Basic investigations include venous or arterial blood gas, complete blood count, serum chemistry, ECG and chest X-ray. Further investigations and simultaneous treatment should be directed at the suspected underlying cause. Consider life-saving treatments during the primary assessment as indicated, such as needle decompression or placement of a chest tube for pneumothorax, or antidotes such as naloxone for suspected opioid toxicity. The chest radiograph is invaluable at diagnosing acute and chronic cardiorespiratory disease, such as pneumonia, congestive heart failure, complications of COPD or other structural lesions. Similarly, a normal chest X-ray might suggest hypoventilation, right-to-left shunt or VQ mismatch and necessitate further investigations.

The stable versus unstable patient

Smaller emergency departments often have limited access to CT scanning, making it necessary to transfer a patient to a centre with such capabilities. This often requires significant logistical decisions regarding timing (immediate or next day) and local resources (access to ground or flight transport). In general, the unstable or very ill patient should be transferred for definitive imaging and management immediately. The stable patient without major vital sign abnormalities or work of breathing can often be treated for the presumed diagnosis when awaiting next-day definitive imaging. This decision should be made in consultation with local experts, including radiology, emergency medicine or other specialist consultants. The timing should take into consideration the patient's clinical trajectory, work of breathing, vital signs, oxygen requirements and suspected underlying diagnosis. For example, a suspected small PE without supplemental oxygen requirements may be suitable to be treated empirically until next-day imaging, whereas an undifferentiated patient with a high oxygen requirement may be approaching the maximal medical care available at the local hospital.


  Conclusion Top


This case highlights the importance of measuring SaO2 in the family medicine clinic and then having an approach to the hypoxaemic patient. Consider the five aetiologies of hypoxaemia when initiating therapy and diagnostic testing. The ability to do advanced imaging (example, CT) is often limited in rural settings, which necessitates making difficult decisions about empiric treatment, transportation and timing of investigations. In general, stable patients with low oxygen requirements and a projected clinical course that can be managed with current resources can have next-day imaging arranged. These decisions are complex, depend on local resources and should be made with specialist consultation.

Financial support and sponsorship: Nil.

Conflicts of interest: There are no conflicts of interest.



 
  References Top

1.
Levitzky MG. Function and structure of the respiratory system. In: Pulmonary Physiology. 9th ed. New York: McGraw-Hil; 2018.  Back to cited text no. 1
    
2.
American Thoracic Society, American College of Chest Physicians. ATS/ACCP Statement on cardiopulmonary exercise testing. Am J Respir Crit Care Med 2003;167:211-77.  Back to cited text no. 2
    
3.
Loscalzo J. Hypoxia and cyanosis. In: Harrison's Principles of Internal Medicine. 20th ed. New York: McGraw-Hill; 2018.  Back to cited text no. 3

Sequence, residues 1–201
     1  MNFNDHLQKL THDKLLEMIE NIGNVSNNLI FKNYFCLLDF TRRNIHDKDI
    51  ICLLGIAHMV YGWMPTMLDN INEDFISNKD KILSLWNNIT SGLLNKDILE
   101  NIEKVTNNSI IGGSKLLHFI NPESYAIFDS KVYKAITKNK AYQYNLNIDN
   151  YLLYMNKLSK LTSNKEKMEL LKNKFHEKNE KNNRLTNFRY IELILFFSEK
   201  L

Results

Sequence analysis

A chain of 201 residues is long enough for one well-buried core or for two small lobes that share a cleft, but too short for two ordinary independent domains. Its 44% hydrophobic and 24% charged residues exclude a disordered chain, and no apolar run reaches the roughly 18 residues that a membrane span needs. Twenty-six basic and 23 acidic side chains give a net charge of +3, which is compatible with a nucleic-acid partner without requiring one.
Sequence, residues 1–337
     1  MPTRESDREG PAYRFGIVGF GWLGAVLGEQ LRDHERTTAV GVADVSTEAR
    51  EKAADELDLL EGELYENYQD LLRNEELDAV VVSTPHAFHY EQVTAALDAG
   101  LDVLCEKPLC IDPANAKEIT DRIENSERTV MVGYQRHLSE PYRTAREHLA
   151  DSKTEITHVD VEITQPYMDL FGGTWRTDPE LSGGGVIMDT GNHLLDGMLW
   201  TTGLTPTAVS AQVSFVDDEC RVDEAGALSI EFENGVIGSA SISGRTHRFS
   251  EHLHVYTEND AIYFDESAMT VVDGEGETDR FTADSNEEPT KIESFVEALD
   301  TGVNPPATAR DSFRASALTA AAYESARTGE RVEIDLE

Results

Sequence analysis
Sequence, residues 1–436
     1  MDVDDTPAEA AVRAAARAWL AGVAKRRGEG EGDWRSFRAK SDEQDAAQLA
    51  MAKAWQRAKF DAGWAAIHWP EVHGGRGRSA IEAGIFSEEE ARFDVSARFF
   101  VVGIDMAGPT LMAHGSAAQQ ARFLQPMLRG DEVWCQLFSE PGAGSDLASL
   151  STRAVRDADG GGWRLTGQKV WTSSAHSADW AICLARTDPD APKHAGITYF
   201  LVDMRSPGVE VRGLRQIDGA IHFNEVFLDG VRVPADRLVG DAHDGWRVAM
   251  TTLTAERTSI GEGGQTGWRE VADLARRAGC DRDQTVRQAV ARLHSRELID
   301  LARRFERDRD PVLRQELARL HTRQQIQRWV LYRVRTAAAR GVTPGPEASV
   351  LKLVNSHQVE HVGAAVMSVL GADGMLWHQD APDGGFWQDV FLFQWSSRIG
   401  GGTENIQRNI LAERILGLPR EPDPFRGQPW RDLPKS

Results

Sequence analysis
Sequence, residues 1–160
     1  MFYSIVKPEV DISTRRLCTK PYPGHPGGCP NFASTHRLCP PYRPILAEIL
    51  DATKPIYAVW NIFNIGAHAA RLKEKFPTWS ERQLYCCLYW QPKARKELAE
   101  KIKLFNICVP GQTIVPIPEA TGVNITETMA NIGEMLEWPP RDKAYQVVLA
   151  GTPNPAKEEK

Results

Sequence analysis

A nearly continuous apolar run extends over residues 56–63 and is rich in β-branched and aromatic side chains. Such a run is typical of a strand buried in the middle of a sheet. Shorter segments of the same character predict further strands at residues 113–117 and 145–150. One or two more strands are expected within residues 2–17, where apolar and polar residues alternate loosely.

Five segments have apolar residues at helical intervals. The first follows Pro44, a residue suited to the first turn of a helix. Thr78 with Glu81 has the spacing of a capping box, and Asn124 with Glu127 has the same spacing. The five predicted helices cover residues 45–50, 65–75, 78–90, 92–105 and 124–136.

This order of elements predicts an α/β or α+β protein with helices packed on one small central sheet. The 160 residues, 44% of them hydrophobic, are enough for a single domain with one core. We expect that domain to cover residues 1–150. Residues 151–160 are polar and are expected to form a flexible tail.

4.
Shovlin CL. Pulmonary arteriovenous malformations. Am J Respir Crit Care Med 2014;190:1217-28.  Back to cited text no. 4
    
5.
Lacombe P, Lacout A, Marcy PY, Binsse S, Sellier J, Bensalah M, et al. Diagnosis and treatment of pulmonary arteriovenous malformations in hereditary hemorrhagic telangiectasia: An overview. Diagn Interv Imaging 2013;94:835-48.  Back to cited text no. 5
    
6.
Sarkar M, Niranjan N, Banyal PK. Mechanisms of hypoxemia. Lung India 2017;34:47-60.  Back to cited text no. 6
[PUBMED]  [Full text]  
7.
Rodríguez-Roisin R, Roca J. Mechanisms of hypoxemia. Intensive Care Med 2005;31:1017-9.  Back to cited text no. 7
    
8.
Martin D, Windsor J. From mountain to bedside: Understanding the clinical relevance of human acclimatisation to high-altitude hypoxia. Postgrad Med J 2008;84:622-7.  Back to cited text no. 8
    
9.
Chebbo A, Tfaili A, Jones SF. Hypoventilation syndromes. Med Clin North Am 2011;95:1189-202.  Back to cited text no. 9
    
10.
Petersson J, Glenny RW. Gas exchange and ventilation-perfusion relationships in the lung. Eur Respir J 2014;44:1023-41.  Back to cited text no. 10
    
11.
Barrett KE, Barman SM, Boitano S, Brooks HL, editors. Gas transport and pH. Ganong's Review of Medical Physiology. 25th ed. New York: McGraw-Hill; 2016.  Back to cited text no. 11
    
12.
Holland AE. Exercise limitation in interstitial lung disease – Mechanisms, significance and therapeutic options. Chron Respir Dis 2010;7:101-11.  Back to cited text no. 12
    
13.
Sarko J, Stapczynski J. Respiratory distress. In: Tintinalli's Emergency Medicine: A Comprehensive Study Guide. 8th ed. New York: McGraw-Hill; 2016.  Back to cited text no. 13
    
14.
Vissers RJ, Danzl DF, Serrano K. Intubation and mechanical ventilation. In: Tintinalli's Emergency Medicine: A Comprehensive Study Guide. 8th ed. New York: McGraw-Hill; 2016.  Back to cited text no. 14
    


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  [Figure 1], [Figure 2]